If you read a lot of identity theft stories, they might all start to sound the same. But every once in a while you run across one with a refreshingly different twist. It’s the “stupid criminal” element that sets this one apart.
Johnny Opara, of St. Paul, Minn., has been charged with seven felony tax crimes and one case of identity theft, according to the Minnesota Department of Revenue.
Some of Opara’s victims say they hired him to prepare their taxes, but he never filed them. In other cases, Opara, 55, allegedly filed taxes for people who hadn’t hired him and knew nothing about his activities.
In 2004 Opara received a $1,100 tax return he wasn’t entitled to after filing a fraudulent property rent tax credit return. He’d filed for other returns, as well, but they were blocked before he received them.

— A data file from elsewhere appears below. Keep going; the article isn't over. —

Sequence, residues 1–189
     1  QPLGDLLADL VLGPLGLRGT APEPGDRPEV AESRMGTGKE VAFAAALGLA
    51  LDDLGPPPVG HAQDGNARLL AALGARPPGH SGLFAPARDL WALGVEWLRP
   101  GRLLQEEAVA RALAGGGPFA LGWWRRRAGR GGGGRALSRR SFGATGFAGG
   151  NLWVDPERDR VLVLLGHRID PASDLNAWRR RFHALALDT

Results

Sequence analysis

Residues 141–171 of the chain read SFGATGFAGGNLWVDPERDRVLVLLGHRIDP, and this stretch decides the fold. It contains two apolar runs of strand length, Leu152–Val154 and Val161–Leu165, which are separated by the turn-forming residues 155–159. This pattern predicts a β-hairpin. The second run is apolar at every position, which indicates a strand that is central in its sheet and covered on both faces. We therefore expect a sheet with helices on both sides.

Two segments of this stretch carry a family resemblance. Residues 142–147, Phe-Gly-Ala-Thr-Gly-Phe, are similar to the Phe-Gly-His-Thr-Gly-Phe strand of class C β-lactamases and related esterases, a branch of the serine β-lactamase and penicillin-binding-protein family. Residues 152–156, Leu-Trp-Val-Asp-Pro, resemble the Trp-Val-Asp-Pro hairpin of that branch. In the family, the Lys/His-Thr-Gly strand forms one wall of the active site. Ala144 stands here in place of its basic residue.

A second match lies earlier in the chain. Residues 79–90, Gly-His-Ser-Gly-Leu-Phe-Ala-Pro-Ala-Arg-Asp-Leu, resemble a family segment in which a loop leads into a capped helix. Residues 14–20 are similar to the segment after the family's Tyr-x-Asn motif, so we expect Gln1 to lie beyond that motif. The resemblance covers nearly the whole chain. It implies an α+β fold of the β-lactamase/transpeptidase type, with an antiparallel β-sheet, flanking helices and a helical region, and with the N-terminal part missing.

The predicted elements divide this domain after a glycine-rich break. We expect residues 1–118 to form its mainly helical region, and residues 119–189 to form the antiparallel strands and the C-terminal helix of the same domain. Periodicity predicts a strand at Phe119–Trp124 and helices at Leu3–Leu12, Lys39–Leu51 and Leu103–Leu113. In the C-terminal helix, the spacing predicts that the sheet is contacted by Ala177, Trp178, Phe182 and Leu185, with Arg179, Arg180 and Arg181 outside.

Opara admitted that he had, in fact, filed a return in 2005 for a woman he didn’t know, and listed on the return dependents she didn’t have.
And now the stupid criminal element:
Opara’s defense? He told investigators that he had had a stroke and was just “practicing” filing the tax returns. He said he never meant to send them, but that some “got sent” and he couldn’t cancel them.
If convicted of all charges, Opara could face up to 55 years in prison and $80,000 in fines.
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